Shadow of the Wraith (2001)

Shadow of the Wraith (2001)
Director: Toshiharu Ikeda - Writers: Nanaeko Sasaya (manga), Masaya Ozaki, & Setsu Yamaguchi - Starring: Hyoei Enoki, Asumi Miwa, Hitomi Miwa, & Yuichi Matsuo.
Updated: 02-26-2006

You know how sometimes an entire movie will be centered around making a pop-music star into an actor? They're usually painfully wretched pieces of filmmaking, but if you don't believe me, feel free to rent the movies starring Rick Springfield (Hard to Hold), The Spice Girls (Spice World), Vanilla Ice (Cool as Ice), Mariah Carey (Glitter), Britney Spears (Crossroads), or, god help you, From Justin to Kelly. (A scarier motion picture than anything John Carpenter or Wes Craven ever came up with!) My point is an obvious one: Films tailor-made for pop-stars are, with very few exceptions, steaming piles of dung.

And the trend certainly isn't limited to the English-speaking countries. A few years back someone in Japan decided to give Koji & Yuichi Matsuo (aka pop-band "Doggy Bag") their shot at acting stardom, and the result was Shadow of the Wraith (aka Ikisudama), a movie of two distinct halves, and an appreciable amount of holes.

Sort of a two-part anthology movie in which both sections briefly touch upon the other, Shadow starts out with a dry yet entirely watchable story: A high school girl harbors an unrequited crush for a big man on campus, and woe is the cheerleader who stands between she and her intended lover. Bodies drop here and there, but nobody suspects that the quiet girl in the third row is actually a hypertelekinetic magic-psycho chick, and just when things start to get good, we switch to story B.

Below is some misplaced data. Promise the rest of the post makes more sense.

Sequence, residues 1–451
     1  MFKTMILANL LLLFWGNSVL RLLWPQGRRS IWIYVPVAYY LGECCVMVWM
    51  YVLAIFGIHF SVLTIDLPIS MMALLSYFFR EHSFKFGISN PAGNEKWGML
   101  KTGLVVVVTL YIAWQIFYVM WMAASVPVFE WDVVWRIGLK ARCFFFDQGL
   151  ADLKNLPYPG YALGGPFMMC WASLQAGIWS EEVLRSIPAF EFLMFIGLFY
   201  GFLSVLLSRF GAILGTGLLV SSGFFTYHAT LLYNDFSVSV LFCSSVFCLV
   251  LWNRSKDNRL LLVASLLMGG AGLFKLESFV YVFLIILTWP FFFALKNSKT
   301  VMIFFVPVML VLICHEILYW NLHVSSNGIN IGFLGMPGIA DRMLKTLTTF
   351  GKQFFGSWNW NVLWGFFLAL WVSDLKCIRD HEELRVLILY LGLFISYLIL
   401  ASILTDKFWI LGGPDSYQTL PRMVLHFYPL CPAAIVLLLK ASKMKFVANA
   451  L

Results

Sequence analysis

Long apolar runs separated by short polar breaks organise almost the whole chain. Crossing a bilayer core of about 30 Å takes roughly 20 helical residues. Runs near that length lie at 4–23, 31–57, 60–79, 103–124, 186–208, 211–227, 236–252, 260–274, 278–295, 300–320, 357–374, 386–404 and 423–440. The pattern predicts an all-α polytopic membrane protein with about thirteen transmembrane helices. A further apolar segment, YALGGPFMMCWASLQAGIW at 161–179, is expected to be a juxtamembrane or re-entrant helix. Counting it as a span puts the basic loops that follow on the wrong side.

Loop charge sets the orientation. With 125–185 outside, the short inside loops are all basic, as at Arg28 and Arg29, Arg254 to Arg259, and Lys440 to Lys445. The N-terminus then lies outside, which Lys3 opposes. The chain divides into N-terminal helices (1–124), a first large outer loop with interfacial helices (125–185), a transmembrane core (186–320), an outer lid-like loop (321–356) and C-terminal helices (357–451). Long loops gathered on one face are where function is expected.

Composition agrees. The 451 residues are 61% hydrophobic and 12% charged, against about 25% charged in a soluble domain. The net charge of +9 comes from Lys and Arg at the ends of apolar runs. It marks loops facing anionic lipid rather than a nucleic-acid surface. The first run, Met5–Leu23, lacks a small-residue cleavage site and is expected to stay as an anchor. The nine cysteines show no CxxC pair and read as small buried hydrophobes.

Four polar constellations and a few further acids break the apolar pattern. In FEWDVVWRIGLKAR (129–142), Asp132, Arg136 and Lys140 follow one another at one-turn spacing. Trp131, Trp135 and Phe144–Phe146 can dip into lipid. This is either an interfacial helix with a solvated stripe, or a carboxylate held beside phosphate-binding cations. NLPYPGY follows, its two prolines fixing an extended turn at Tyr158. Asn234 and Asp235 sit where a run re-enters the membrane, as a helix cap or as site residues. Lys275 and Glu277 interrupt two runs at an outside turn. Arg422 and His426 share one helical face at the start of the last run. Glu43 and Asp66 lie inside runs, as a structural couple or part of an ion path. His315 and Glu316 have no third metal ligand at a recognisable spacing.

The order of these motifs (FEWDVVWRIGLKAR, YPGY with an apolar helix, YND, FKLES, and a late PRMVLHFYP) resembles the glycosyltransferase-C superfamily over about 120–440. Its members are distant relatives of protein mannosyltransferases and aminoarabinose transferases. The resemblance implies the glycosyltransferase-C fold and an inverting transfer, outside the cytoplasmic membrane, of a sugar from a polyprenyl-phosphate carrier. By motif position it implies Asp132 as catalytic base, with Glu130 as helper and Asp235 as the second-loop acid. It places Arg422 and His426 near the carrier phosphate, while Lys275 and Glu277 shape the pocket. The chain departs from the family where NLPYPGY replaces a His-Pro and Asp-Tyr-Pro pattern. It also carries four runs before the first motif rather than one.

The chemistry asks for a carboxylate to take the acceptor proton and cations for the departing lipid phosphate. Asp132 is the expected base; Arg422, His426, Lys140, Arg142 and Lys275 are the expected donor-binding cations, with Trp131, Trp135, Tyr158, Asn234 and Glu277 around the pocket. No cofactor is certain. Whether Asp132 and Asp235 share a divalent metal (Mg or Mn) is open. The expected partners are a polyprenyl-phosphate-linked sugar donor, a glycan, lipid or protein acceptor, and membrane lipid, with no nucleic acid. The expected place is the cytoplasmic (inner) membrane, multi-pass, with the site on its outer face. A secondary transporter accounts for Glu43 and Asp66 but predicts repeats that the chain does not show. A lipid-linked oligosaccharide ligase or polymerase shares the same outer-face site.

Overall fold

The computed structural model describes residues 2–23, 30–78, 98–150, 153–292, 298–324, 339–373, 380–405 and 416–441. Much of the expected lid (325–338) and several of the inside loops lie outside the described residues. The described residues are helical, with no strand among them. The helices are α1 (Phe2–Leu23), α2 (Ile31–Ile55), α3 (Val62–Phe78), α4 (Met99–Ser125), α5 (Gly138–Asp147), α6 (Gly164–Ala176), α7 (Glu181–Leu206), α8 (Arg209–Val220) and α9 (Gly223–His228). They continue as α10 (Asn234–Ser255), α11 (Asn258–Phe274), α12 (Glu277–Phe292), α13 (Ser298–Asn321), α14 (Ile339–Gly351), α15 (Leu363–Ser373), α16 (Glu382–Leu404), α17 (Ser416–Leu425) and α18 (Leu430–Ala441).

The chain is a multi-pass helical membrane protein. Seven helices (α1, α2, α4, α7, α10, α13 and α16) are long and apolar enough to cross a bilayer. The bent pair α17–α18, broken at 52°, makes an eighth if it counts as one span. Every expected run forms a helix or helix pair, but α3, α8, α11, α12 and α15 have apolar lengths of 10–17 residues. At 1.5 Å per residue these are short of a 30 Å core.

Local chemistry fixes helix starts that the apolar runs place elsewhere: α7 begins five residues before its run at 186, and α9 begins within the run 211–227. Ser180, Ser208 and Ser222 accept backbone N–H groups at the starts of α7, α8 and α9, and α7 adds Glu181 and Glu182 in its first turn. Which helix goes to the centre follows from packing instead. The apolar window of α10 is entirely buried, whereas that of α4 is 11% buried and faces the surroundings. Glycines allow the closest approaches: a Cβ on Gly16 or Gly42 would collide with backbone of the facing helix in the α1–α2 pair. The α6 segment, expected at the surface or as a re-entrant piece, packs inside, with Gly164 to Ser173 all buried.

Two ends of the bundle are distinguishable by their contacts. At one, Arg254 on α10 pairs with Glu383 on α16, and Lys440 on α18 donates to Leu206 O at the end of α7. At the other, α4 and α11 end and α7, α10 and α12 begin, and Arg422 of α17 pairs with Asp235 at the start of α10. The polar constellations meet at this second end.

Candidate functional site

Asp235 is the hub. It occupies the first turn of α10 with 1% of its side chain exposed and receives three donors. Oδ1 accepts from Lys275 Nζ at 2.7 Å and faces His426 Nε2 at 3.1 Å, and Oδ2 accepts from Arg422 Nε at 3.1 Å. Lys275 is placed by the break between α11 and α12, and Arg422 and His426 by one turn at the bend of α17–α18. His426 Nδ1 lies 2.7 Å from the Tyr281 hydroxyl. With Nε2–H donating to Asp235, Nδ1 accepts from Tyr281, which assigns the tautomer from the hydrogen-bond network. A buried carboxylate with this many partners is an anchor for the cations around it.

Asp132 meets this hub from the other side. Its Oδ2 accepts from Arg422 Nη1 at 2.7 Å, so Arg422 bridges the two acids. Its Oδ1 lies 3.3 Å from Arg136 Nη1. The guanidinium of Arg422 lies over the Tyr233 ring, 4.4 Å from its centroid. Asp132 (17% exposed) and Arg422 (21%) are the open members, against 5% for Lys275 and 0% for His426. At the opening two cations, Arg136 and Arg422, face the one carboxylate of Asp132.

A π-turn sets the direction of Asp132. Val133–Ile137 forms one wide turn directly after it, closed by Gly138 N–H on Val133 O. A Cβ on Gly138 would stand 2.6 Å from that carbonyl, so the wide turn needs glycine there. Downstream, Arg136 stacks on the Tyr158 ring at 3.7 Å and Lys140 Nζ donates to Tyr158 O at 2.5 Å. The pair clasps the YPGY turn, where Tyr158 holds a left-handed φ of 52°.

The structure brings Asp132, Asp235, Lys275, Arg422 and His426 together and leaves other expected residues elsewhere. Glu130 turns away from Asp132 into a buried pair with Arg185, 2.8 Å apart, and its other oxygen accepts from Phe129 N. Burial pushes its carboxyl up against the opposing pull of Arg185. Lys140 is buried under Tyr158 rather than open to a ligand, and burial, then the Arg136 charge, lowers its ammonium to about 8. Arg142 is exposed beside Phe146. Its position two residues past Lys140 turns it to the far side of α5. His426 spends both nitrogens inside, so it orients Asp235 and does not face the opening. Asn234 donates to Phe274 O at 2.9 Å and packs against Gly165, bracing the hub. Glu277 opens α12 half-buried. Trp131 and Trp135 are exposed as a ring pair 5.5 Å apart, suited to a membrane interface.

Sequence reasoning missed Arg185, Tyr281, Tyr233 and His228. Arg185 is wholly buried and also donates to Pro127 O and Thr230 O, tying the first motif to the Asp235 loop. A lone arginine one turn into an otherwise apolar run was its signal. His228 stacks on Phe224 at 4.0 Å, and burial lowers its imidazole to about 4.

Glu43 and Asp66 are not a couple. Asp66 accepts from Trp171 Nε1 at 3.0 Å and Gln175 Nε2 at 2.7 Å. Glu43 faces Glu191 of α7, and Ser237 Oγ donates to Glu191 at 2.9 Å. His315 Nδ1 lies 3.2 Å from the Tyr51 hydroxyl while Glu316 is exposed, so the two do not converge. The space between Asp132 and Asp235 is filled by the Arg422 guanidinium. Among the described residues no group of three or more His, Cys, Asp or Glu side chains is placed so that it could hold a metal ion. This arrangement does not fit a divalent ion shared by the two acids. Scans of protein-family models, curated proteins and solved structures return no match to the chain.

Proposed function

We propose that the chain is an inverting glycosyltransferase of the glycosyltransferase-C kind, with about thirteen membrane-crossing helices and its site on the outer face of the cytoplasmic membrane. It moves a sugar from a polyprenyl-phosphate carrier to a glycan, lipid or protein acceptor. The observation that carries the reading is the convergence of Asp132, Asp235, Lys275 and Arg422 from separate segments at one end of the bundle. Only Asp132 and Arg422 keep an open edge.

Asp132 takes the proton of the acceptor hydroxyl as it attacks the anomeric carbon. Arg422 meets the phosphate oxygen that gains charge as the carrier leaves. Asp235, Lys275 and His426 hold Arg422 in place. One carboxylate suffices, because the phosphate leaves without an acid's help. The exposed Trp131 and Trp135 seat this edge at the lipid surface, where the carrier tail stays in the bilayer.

B focuses on your amazingly standard "Asian haunted house" schpiel, only with none of the style and slickness found in flicks like Ju-On and Ringu. The connective tissue between the two stories is that the two heroic dreamboat boys ... are the "Doggy Bag" boys playing "Look ma, we're in our own movie!"

So while the first half of the flick builds up some solid tension and a few creepy kills, Shadow's second section is as dry as dishwater and terminally inert. Those who search this one out hoping for something like director Toshiharu Ikeda's Evil Dead Trap will also walk away fairly disappointed, as Shadow is annoyingly free of the shocking gore and distressingly grim atmosphere found in the earlier film.

Hardcore fans of all things J-Horror could give this one a rental one weekend, and many of 'em will like it more than I did. Shadow of the Wraith isn't among the worst examples of the genre that I've seen ... but it comes fairly close.

The Region 1 DVD comes from Ventura Entertainment and is presented in a very slick anamorphic widescreen format. Audio is Dolby Digital 2.0 (Japanese) with English subtitles. The only extra included is a collection of six trailers.

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